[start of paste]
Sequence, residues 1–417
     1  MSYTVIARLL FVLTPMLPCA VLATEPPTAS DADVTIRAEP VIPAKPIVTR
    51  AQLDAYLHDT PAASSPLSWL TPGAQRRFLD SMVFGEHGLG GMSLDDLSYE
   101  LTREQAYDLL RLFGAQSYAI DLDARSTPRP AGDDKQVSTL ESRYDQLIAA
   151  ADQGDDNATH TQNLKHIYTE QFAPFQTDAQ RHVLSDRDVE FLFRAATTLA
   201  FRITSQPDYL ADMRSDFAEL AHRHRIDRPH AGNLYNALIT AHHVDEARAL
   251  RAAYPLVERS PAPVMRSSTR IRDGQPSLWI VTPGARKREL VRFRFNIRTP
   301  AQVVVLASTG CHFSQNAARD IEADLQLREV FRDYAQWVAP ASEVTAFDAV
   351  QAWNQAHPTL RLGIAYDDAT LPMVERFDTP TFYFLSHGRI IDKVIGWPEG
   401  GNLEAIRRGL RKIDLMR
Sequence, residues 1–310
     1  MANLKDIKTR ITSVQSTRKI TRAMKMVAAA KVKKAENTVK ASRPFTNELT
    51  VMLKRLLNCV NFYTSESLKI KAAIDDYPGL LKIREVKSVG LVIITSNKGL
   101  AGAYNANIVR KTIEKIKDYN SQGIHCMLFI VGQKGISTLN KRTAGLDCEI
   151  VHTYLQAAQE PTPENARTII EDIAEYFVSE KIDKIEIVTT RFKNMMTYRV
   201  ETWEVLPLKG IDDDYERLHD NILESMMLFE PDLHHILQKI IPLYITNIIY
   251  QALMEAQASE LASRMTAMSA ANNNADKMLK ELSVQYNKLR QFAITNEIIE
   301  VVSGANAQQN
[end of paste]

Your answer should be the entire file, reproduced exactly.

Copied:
Sequence, residues 1–417
     1  MSYTVIARLL FVLTPMLPCA VLATEPPTAS DADVTIRAEP VIPAKPIVTR
    51  AQLDAYLHDT PAASSPLSWL TPGAQRRFLD SMVFGEHGLG GMSLDDLSYE
   101  LTREQAYDLL RLFGAQSYAI DLDARSTPRP AGDDKQVSTL ESRYDQLIAA
   151  ADQGDDNATH TQNLKHIYTE QFAPFQTDAQ RHVLSDRDVE FLFRAATTLA
   201  FRITSQPDYL ADMRSDFAEL AHRHRIDRPH AGNLYNALIT AHHVDEARAL
   251  RAAYPLVERS PAPVMRSSTR IRDGQPSLWI VTPGARKREL VRFRFNIRTP
   301  AQVVVLASTG CHFSQNAARD IEADLQLREV FRDYAQWVAP ASEVTAFDAV
   351  QAWNQAHPTL RLGIAYDDAT LPMVERFDTP TFYFLSHGRI IDKVIGWPEG
   401  GNLEAIRRGL RKIDLMR
Sequence, residues 1–310
     1  MANLKDIKTR ITSVQSTRKI TRAMKMVAAA KVKKAENTVK ASRPFTNELT
    51  VMLKRLLNCV NFYTSESLKI KAAIDDYPGL LKIREVKSVG LVIITSNKGL
   101  AGAYNANIVR KTIEKIKDYN SQGIHCMLFI VGQKGISTLN KRTAGLDCEI
   151  VHTYLQAAQE PTPENARTII EDIAEYFVSE KIDKIEIVTT RFKNMMTYRV
   201  ETWEVLPLKG IDDDYERLHD NILESMMLFE PDLHHILQKI IPLYITNIIY
   251  QALMEAQASE LASRMTAMSA ANNNADKMLK ELSVQYNKLR QFAITNEIIE
   301  VVSGANAQQN